inpycon09 the success story

When the first discussions happened, everybody doubted it might become just another conference discussion that will never happen. It has taken the support and sheer determination of quite a number of people to make it happen. We just wanted to try it once, to at least see how the Python community responds to such initiatives and it has ended up being more than encouraging to make this a yearly event. This is the simple story of inpycon09.

When I landed at the IISc campus on a not so chilly morning, the posters were up and I could find a few people waiting here and there in the corridors. When I entered nothing was up yet, other than a few volunteers running around putting posters and direction notices. Slowly people started turning up and I could see more known faces. By 9 AM, there were enough crowd to start the registration counter and soon a long queue got formed.

The conference kit consisted of a notepad, ID tag, a pen and a pycon tee. It was a simple white tee, with a caption in the back. Unfortunately we ended up having a spello in it, which indeed made the tee more special 😉 Halls were fast filling up and when Prabhu Ramachandran was delivering the keynote the benches got filled and people started filling up the foot steps as well. It was a very interesting talk, encouraging everyone to go and give a shot with Python. He had also included his associations with ILUGC and how it helped him. He advised people to become a part of an active LUG. His talk was mostly around SciPy and Mayavi.

As the keynote ended, talks in other two halls started, kicking the normal proceedings of the first day of inpycon. Every hall was running full house and we would’ve had around 300 people attending the conference, especially a big bunch of students of REC, Chennai. Kenneth and Noufal took the Introduction to Python talk, leaving me for the second day. There was actually a balance of talks, not just focusing on web development. And the lunch was really good.

A lot of #linux-india guys had turned up and it was surprising to meet them before the normal foss.in season. The first day ended up quite satisfactorily and gave us hopes for the second day to run smoothly. Though we did not have a huge crowd on the second day, and it being only a half day of scheduled talks, it too went calmly. I took the beginners’ introduction to Python, following by Kenneth taking some advanced topics. There was a white sheet posted with post-it notes to be used to express the feedbacks from delegates and we ended up getting some quite interesting, even contradicting opinions posted about the conference. We welcome the criticisms as it helps us to know our holes and stop it from appearing next time.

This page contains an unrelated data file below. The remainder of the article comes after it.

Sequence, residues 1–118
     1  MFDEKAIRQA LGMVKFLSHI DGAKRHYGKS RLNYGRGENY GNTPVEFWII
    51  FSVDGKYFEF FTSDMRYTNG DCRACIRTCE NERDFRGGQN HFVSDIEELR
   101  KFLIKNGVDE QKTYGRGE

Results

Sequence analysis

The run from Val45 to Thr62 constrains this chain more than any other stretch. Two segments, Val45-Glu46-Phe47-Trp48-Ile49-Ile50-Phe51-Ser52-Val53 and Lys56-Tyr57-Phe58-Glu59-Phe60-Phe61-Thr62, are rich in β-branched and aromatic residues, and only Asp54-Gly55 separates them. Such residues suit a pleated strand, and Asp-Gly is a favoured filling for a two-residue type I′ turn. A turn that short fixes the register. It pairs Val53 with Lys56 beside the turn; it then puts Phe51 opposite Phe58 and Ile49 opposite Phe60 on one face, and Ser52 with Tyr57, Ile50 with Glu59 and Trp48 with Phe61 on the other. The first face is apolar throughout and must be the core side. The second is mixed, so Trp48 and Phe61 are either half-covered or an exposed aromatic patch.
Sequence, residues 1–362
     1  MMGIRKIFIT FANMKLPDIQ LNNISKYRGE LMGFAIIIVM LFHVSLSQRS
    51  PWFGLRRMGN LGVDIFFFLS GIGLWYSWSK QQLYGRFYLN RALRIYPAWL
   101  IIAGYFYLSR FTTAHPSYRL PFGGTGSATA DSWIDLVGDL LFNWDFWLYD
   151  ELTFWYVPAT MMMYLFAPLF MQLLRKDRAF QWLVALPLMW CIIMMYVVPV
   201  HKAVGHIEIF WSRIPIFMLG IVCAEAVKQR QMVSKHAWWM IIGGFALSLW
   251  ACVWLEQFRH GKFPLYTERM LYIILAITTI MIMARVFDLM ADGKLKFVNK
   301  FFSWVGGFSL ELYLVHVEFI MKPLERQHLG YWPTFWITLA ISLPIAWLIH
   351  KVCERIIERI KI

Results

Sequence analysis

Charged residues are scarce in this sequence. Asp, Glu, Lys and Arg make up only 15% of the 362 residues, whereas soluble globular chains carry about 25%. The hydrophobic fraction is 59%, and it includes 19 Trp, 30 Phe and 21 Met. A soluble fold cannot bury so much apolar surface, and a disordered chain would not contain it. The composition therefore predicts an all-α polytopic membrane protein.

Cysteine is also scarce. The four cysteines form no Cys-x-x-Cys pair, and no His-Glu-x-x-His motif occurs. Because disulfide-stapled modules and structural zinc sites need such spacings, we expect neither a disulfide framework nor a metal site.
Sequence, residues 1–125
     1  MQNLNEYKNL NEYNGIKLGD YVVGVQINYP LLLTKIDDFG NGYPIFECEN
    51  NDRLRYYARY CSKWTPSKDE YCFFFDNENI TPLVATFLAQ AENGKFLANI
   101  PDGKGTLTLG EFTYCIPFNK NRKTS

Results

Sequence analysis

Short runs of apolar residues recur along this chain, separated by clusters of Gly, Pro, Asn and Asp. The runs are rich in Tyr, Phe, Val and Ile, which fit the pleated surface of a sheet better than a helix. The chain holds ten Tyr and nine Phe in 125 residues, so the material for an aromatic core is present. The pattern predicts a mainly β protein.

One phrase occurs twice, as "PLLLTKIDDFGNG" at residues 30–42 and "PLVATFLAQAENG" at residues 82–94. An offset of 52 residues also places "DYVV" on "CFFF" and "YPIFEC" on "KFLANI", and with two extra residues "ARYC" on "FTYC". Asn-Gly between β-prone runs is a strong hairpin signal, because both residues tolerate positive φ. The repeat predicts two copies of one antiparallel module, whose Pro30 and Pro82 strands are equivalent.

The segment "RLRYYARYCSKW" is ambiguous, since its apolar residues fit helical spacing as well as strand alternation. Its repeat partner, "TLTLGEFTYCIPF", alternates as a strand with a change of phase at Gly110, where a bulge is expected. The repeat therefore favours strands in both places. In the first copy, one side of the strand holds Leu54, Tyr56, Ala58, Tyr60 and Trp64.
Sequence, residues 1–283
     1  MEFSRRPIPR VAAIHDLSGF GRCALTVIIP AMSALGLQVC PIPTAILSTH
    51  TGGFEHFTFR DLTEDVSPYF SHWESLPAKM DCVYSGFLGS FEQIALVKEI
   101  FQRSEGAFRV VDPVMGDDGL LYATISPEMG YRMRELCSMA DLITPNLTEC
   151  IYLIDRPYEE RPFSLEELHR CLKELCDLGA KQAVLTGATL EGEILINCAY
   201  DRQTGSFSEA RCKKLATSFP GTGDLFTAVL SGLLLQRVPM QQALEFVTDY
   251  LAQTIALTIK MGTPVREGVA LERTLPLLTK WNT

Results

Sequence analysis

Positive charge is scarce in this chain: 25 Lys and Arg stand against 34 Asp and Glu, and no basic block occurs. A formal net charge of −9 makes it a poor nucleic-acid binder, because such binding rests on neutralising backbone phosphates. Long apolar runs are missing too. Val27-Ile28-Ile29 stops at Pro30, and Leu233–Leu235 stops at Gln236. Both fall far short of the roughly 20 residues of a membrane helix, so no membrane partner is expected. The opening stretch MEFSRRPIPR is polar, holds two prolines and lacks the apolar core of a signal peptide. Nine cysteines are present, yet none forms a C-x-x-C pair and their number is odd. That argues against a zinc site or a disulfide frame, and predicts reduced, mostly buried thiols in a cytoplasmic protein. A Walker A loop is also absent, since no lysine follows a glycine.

On the whole, the beta release of inpycon was a satisfying success, leaving my weekend to have not been wasted and giving us the encouragement to come back better next year, may be in Chennai 😉

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PyCon India 2009 Discussion #1

DateTime: 03 Mar 2009 9.00 PM (+5.30 UTC)

Location: #bangpypers at irc.freenode.net

The first IRC discussion for the PyCon India proposal happened in BangPyper’s IRC Channel. A large number of Pythonistas participated in the discussion and contributed invaluable ideas, suggestions and concerns during the course of the meeting. To our own surprise, the channel recorded it’s highest ever head count even before the officially announced timings. A quick summary of the topics and points raised during the meeting is as follows,

What?

The important topic of discussion was the theme for the PyCon India. People shared their views on what they wanted PyCon India to be.

  • A few people also raised concerns about using the name PyCon, as the name carries a huge value among the international community and any attempts to even make a localized version of it should stand up to the same quality.